Corpus Christi (Corpus Cristi) is a religious celebration in Mexico to honor the body and blood of Jesus, which is symbolized by bread and wine offered at church services on the day
Corpus Christi is normally celebrated on the Thursday after Trinity Sunday. A procession is usually led by the pope of the Catholic Church in Rome every year. It is a mixed day for some Mexicans who also remember the infamous massacre of student demonstrators in Mexico City on the day of the Corpus Christi festival, on June 10, 1971. More than 100 people died that day, including a 14-year-old boy.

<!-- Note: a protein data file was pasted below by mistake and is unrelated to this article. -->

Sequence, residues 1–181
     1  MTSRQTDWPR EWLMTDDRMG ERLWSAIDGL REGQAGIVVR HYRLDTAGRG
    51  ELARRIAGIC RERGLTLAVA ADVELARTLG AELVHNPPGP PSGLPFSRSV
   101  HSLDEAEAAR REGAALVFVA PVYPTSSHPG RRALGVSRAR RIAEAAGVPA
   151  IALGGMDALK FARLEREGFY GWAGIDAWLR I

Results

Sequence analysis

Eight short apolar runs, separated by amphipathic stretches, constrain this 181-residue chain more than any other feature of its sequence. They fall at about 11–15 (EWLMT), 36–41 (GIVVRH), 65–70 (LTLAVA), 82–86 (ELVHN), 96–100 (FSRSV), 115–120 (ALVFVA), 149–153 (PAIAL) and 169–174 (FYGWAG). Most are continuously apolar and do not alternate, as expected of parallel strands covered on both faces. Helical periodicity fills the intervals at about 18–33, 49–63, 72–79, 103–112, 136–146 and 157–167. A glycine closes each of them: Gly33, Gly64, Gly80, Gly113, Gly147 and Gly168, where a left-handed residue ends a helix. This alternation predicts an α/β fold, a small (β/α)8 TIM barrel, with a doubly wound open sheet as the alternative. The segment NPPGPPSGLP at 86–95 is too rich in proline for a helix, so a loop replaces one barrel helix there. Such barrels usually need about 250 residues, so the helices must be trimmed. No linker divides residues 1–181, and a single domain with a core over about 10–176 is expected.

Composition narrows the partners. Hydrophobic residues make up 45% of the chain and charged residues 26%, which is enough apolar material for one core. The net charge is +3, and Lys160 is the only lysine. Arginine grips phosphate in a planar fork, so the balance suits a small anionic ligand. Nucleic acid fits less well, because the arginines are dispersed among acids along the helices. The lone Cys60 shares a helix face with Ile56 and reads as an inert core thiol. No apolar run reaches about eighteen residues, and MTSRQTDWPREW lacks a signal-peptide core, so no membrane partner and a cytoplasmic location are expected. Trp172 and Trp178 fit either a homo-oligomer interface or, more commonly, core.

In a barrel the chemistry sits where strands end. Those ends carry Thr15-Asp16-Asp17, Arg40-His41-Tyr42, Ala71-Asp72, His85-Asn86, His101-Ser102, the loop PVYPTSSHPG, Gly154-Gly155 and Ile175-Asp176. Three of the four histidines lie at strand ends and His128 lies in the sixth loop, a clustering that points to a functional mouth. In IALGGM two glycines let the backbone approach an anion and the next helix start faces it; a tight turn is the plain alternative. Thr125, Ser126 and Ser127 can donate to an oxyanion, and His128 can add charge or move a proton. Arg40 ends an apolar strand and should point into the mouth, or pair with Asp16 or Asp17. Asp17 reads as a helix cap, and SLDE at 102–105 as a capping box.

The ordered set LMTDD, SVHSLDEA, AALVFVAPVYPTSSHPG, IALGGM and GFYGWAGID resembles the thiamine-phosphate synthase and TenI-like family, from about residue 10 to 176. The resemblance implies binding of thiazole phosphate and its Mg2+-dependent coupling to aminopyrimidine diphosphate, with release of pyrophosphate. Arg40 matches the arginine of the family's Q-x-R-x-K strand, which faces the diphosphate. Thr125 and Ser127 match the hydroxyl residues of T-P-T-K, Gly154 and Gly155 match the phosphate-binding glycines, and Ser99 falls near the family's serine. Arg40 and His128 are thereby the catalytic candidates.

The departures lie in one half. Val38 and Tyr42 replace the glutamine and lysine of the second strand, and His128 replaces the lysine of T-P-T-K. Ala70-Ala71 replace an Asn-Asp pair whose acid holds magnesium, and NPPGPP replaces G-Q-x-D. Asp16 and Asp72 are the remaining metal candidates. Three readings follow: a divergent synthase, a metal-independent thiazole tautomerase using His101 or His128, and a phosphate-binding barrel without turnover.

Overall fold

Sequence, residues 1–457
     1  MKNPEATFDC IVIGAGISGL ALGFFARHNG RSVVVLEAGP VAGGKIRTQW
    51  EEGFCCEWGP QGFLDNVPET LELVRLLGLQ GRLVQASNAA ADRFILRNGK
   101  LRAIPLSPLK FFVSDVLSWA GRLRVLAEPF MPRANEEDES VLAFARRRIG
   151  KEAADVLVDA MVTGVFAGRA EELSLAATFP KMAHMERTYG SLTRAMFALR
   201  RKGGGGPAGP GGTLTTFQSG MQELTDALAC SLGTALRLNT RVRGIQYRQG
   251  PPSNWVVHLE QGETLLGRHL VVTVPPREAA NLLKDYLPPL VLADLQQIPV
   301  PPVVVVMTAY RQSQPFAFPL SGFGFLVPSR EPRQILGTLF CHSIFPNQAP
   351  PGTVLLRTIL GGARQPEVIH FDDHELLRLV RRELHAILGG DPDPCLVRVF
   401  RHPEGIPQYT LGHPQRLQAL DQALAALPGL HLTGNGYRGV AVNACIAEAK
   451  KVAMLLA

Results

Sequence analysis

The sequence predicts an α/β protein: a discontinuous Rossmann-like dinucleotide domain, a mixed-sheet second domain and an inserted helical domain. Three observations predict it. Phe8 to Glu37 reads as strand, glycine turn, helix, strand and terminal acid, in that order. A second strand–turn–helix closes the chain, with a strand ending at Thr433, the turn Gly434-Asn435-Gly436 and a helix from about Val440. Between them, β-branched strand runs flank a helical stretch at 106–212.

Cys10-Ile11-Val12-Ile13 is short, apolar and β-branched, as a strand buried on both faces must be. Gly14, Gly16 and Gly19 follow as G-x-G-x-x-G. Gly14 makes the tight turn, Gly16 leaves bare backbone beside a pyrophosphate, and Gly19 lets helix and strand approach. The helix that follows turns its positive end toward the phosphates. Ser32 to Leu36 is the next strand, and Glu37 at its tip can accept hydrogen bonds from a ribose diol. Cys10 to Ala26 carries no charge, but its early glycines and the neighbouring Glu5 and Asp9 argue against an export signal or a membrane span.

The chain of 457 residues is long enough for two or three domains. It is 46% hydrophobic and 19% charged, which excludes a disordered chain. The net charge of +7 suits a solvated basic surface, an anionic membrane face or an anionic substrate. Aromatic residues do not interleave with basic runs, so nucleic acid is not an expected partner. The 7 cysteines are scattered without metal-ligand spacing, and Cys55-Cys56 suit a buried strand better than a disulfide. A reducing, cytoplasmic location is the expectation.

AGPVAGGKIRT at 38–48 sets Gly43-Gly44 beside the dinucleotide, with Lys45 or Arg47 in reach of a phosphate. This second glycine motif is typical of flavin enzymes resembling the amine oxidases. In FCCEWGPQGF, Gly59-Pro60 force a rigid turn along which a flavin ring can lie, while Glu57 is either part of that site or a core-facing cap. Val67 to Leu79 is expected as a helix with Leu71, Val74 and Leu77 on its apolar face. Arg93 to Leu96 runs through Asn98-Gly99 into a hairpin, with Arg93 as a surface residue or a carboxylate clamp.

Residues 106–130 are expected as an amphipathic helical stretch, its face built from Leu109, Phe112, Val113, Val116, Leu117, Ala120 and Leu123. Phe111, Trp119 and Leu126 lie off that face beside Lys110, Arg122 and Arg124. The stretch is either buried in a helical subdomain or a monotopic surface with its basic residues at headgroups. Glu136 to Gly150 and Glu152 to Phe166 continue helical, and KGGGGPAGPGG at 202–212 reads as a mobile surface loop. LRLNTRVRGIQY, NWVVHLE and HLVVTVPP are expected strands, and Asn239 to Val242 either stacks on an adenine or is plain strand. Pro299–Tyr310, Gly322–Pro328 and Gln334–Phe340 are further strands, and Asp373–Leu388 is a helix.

The Day of the Mules, which falls on Corpus Christi, is associated with pre-Hispanic rituals in which people gave thanks to deities of Gods through offerings. It is also believed that a mule knelt in reverence of God on the day of Corpus Christi.
Mexicans attending church services receive communion wafers and wine or grape juice in honor of Jesus’ body and blood. It is also celebrated in Catholic and some Protestant churches worldwide. Mules’ Day (Día de las Mulas) is also celebrated on the same day, where people buy figures of mules made of dried corn leaves. Some of these are stuffed with candy.